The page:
Art and Experience:

The first reviews for Denis Villeneuve’s “Dune” are in, and the reactions are split. Ravenous sci-fi fanatics waited with bated breath as cast members Timothée Chalamet, Oscar Isaac, Zendaya, Josh Brolin, Rebecca Ferguson and Javier Bardem walked down the Venice Film Festival red carpet before the first-ever screening on Friday.

After being delayed for more than a year, the Frank Herbert adaptation was finally unleashed to a small crowd of festival-goers, journalists and critics. What did the first critics to lay eyes on the latest version of the sandworm have to say? Does the spice flow for “Dune”?

So far, critics are excited about the scope and scale of the feature, but don’t seem convinced that Villeneuve stuck the landing story-wise.

 

 

Here’s a roundup of reactions:

Variety: Owen Gleiberman

 

 

Gleiberman wrote that “Dune” is “spectacular and engrossing … until it isn’t.”

“Here’s one useful definition of a great sci-fi fantasy film. It’s one in which the world-building is awesome but not more essential than the storytelling. In the first two ‘Star Wars’ films, those dynamics were in perfect sync; they were, as well, in ‘The Dark Knight’ and the ‘Mad Max’ films. ‘Blade Runner,’ in its way, is an amazing movie, but its world-building packs more punch than its transcendental neo-noir noodlings. Viewed in that light, ‘Dune’ is a movie that earns five stars for world-building and about two-and-a-half for storytelling.”

Indiewire: David Ehrlich

Ehrlich had a slightly colder take, calling hype “the mind-killer” and tweeting that the pic was a “massive disappointment.”

“For all of Villeneuve’s awe-inducing vision, he loses sight of why Frank Herbert’s foundational sci-fi opus is worthy of this epic spectacle in the first place. Such are the pitfalls of making a movie so large that not even its director can see around the sets.”

IGN: Scott Collura

Collura was also let down by the second act of “Dune.”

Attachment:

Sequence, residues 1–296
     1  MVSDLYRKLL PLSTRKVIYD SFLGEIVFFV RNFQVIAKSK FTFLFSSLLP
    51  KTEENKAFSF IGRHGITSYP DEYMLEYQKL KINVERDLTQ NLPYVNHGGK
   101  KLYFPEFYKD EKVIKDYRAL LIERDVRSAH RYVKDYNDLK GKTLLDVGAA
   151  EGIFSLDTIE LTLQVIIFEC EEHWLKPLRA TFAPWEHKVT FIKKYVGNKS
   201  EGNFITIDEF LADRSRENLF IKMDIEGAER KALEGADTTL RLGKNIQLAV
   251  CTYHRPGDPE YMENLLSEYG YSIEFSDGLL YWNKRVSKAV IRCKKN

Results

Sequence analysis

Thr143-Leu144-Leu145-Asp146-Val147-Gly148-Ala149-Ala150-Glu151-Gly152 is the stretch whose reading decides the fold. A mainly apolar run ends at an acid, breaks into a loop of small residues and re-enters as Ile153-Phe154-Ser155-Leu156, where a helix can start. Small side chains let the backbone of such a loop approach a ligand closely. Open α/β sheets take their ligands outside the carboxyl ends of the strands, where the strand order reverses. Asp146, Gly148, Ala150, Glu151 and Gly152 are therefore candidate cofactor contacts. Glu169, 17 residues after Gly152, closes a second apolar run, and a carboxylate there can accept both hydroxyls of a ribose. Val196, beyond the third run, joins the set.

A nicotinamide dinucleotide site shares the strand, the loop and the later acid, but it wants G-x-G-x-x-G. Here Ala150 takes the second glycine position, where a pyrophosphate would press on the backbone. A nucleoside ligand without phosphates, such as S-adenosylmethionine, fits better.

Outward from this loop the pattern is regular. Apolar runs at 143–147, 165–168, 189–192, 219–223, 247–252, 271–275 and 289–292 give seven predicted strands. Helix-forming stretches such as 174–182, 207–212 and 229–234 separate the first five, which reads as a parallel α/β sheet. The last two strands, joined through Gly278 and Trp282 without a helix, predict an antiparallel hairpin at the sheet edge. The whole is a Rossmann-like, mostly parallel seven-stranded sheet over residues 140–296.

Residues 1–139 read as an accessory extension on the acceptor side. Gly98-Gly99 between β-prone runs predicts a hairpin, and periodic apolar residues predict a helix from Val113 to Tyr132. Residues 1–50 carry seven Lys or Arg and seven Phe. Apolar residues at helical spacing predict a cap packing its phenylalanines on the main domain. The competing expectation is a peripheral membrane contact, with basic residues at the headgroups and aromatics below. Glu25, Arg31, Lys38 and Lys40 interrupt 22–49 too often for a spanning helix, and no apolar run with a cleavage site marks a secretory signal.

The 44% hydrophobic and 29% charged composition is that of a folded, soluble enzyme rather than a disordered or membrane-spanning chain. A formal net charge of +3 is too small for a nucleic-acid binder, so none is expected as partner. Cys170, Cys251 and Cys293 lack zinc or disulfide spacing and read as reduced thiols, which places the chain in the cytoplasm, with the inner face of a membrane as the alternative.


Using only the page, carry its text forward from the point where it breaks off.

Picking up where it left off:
“This is a technically brilliant, visually amazing movie with a top-notch cast and deep sci-fi concepts. A shame, then, that it feels like a drag in its back half.”

Vanity Fair: Richard Lawson

Lawson hoped that the new movie would be a chance to re-set “Dune” from it’s much-maligned, former film adaptation. According to him, it was not.

“With ‘Dune,’ Villeneuve has the chance to right the wrongs of David Lynch’s 1984 misfire (a misfire according to some, anyway) and truly honor Herbert’s text. But Villenueve can’t help but lacquer it all up into something hyper polished and hard to the touch. Even ‘Arrival,’ his most successful big-budget film, groans under the tremendous onus of his construction. He’s an overloader, and only the keenest and most urgent of scripts can survive beneath that weight. ‘Dune,’ unfortunately, is not one of those. Maybe the source material, with its unending glossary of terms describing places, peoples, religious traditions, and political systems, is just too dense to hone into something cinematically agile. Villeneuve’s film is somehow plodding and hurried at once, flurries of exposition and table-setting ringing around set-piece monoliths.”

 

 

Empire: Ben Travis

That’s not to say the reviews were overwhelmingly negative. Empire’s Travis seemed truly thrilled by the ride and is hoping for a sequel.

“An absorbing, awe-inspiringly huge adaptation of (half of) Frank Herbert’s novel that will wow existing acolytes, and get newcomers hooked on its Spice-fuelled visions. If Part Two never happens, it’ll be a travesty.”

The Independent: Clarisse Loughrey

Loughrey found lots to love in the new adaptation, tweeting that “‘Dune’ absolutely fucking slaps.”

“Villeneuve’s ‘Dune’ is the sandworm exploding out from the darkness below. It is a film of such literal and emotional largeness that it overwhelms the senses. If all goes well, it should reinvigorate the book’s legacy in the same way Peter Jackson’s ‘Lord of the Rings’ trilogy did for JRR Tolkien’s work.”

Meanwhile, the social media takes were overwhelmingly positive:

 

 

 

 

 

Source: Variety